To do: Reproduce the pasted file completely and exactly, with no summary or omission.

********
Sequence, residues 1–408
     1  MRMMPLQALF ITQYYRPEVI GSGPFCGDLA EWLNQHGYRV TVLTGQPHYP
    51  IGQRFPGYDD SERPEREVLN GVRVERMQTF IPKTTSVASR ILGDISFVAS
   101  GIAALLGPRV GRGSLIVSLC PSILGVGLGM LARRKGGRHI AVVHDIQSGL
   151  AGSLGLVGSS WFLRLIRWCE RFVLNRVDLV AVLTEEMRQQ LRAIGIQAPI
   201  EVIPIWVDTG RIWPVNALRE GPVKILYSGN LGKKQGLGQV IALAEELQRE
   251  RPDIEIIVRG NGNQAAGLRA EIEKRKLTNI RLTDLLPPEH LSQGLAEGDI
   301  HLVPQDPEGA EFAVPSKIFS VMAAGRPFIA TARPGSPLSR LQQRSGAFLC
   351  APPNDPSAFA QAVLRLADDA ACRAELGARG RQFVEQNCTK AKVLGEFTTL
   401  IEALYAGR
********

Sequence, residues 1–408
     1  MRMMPLQALF ITQYYRPEVI GSGPFCGDLA EWLNQHGYRV TVLTGQPHYP
    51  IGQRFPGYDD SERPEREVLN GVRVERMQTF IPKTTSVASR ILGDISFVAS
   101  GIAALLGPRV GRGSLIVSLC PSILGVGLGM LARRKGGRHI AVVHDIQSGL
   151  AGSLGLVGSS WFLRLIRWCE RFVLNRVDLV AVLTEEMRQQ LRAIGIQAPI
   201  EVIPIWVDTG RIWPVNALRE GPVKILYSGN LGKKQGLGQV IALAEELQRE
   251  RPDIEIIVRG NGNQAAGLRA EIEKRKLTNI RLTDLLPPEH LSQGLAEGDI
   301  HLVPQDPEGA EFAVPSKIFS VMAAGRPFIA TARPGSPLSR LQQRSGAFLC
   351  APPNDPSAFA QAVLRLADDA ACRAELGARG RQFVEQNCTK AKVLGEFTTL
   401  IEALYAGR